Saturday, November 20, 2010

Rap and Metal on Planet Islam

by James M. Dorsey


December 2010

Nabyl Guennouni, 30, is a heavy metal singer and band manager in Morocco. He also sits on a jury that selects rising talents to perform at Casablanca’s annual L’Boulevard des Jeunes Musiciens, a six-day extravaganza in two soccer stadiums that has become North Africa’s largest underground music festival, with some 160,000 visitors each year. This marks a dramatic change for Guennouni. When he and 13 other black-shirted, baseball-capped, middle-class headbangers tried to organize a music festival seven years ago, the police dragged them from their homes and charged them with wooing young Moroccans into Satanism, with a bonus count of promoting prostitution. Morocco’s legal system allows a maximum sentence of three years for such attempts to convert Muslims to another faith.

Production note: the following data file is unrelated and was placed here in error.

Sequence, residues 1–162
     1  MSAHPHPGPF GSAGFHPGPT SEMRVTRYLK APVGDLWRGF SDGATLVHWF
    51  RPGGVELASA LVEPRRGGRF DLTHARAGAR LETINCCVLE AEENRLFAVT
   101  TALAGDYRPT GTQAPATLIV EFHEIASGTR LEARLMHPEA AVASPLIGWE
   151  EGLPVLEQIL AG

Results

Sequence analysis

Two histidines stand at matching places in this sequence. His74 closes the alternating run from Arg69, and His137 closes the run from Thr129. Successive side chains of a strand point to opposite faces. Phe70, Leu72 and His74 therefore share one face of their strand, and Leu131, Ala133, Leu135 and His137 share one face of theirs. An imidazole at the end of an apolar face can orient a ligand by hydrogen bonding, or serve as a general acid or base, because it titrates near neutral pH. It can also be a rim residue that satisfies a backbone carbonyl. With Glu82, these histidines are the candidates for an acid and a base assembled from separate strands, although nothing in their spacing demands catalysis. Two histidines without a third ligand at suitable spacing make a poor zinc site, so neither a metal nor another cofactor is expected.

Egged on by conservative Islamist politicians, who six months earlier had doubled their number of seats in parliament, prosecutors produced as evidence against Guennouni fake skeletons and skulls, plaster cobras, a latex brain, T-shirts depicting the devil, and “a collection of diabolical CDs,” which they described as “un-Islamic” and “objects that breach morality.” In cross-examination, the government attorneys asked the defendants such questions as, “Why do you cut the throats of cats and drink their blood?” Al Attajdid, a conservative daily, depicted the musicians as part of a movement that “encourages all forms of delinquency, alcohol and licentiousness which are ignored by the authorities.” One of the trial judges maintained that “normal people go to concerts wearing suits and ties” and that it was “suspicious” that some of the musicians’ lyrics had been penned in English.